Social Security is often touted as a guaranteed, lifetime, inflation-protected income stream that retirees should milk for all it’s worth. While it does last a lifetime – and there are plenty of ways Congress might address the projected shortfall – the program probably won’t stand up to inflation the way many retirees hope it will.
Social Security’s Board of Trustees recently forecasted a 2.2 percent COLA for 2018 – by far the largest adjustment in the last few years and a seemingly significant improvement over 0.3 percent in 2017 and 0 percent in 2016. As the AARP pointed out, however, 2.2 is still a relatively small increase that will do little to nothing in the face of rising prices on health care and consumer goods.
Looking at the issue over a longer time horizon, it may not be wise to count on the COLA to preserve Social Security’s spending power for your clients. It’s a powerful income stream, no doubt, but given the health care crisis, rising food and energy costs and the ever-increasing longevity risk of today’s retirees, they’ll likely need an additional funding source in the future.
How the COLA is calculated today
Inflation protection wasn’t an original feature of Social Security; until 1975, Congress enacted every increase with special legislation. Since automatic annual COLAs began with the 1972 Social Security Amendments, rates have gone as high as 14.3 percent and as low as zero.
Where does the Social Security Administration get those numbers?
“The Bureau of Labor Statistics looks at how much the general cost of living expenses go up – not in the past year, but only in the third quarter of the past year,” says Gail Buckner, National Financial Planning Strategist with Franklin Templeton Investments.
The price fluctuations we see in July, August and September of each year, then, are reflected in beneficiaries’ checks in January of the following year.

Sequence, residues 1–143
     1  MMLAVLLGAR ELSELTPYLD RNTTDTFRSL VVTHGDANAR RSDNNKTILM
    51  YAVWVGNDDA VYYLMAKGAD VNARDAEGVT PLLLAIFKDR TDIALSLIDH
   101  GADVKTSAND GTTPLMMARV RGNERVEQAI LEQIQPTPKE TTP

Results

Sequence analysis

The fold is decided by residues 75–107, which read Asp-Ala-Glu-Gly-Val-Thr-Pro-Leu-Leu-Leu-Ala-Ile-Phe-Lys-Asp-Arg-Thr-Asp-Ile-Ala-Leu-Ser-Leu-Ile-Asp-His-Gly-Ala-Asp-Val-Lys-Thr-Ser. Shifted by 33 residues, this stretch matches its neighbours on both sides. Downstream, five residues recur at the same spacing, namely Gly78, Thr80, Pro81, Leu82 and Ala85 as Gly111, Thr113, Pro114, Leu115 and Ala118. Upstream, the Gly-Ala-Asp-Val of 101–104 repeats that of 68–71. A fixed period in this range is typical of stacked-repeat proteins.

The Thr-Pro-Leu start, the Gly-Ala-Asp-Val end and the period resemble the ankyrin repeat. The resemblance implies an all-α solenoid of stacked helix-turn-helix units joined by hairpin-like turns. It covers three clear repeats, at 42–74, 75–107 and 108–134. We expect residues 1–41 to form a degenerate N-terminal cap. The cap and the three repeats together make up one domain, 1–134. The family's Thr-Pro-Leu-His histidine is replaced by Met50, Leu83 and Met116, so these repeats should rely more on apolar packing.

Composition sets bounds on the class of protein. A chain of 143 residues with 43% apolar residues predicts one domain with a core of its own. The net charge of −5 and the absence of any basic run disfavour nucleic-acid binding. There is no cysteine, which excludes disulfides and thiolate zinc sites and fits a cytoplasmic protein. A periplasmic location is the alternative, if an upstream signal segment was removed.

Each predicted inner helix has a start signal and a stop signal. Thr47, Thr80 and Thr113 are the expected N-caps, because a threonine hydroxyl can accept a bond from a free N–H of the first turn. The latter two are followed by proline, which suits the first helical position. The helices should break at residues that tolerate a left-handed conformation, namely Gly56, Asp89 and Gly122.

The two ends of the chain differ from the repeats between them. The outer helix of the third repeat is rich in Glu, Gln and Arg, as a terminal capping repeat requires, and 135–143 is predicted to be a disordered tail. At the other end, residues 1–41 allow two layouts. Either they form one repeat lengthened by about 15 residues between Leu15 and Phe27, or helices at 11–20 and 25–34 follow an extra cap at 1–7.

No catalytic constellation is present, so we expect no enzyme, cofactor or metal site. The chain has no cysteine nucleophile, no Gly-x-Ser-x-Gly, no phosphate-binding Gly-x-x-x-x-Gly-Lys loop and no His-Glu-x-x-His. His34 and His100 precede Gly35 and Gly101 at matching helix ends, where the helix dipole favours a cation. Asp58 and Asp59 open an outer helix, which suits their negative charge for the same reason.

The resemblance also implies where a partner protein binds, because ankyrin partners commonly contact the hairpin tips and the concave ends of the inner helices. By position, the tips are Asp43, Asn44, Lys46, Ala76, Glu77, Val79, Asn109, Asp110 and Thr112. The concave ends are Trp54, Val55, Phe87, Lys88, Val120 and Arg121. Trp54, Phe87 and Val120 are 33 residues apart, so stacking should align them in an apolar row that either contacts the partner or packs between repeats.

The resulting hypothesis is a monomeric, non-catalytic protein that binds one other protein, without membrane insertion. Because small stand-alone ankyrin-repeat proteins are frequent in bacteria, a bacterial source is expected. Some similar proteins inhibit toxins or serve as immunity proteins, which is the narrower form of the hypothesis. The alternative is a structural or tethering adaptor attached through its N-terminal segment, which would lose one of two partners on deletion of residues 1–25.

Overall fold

“We had that zero percent increase in 2016 just because in the third quarter of 2015 there was a drop in specific prices – even though oil prices and everything else went up in the other three quarters,” adds Buckner.
The CPI-W and alternatives
More specifically, the COLA is tied to the third-quarter percentage increase in the CPI-W, the consumer price index for urban wage earners and clerical workers. The CPI-W prioritizes items purchased by metropolitan workers, including food, clothes, transportation and entertainment.
That metric is under fire for a couple of reasons. First, critics say it doesn’t reflect the true rate of inflation on the goods and services that impact consumers the most.
“They’ve redefined inflation in a way that shows it’s low,” says Bill Stack of Stack Financial Services. “What the government is looking at might go up 1 or 2 percent, but what everyone is really purchasing is going up a lot more than that.”
Second, even if the CPI-W did accurately reflect workers’ purchases, it doesn’t account for the costs that specifically impact retirees – namely housing and health care. Health care inflation alone has outpaced the CPI for over a decade, and while insurance premiums certainly reflect the increase, the COLA does not.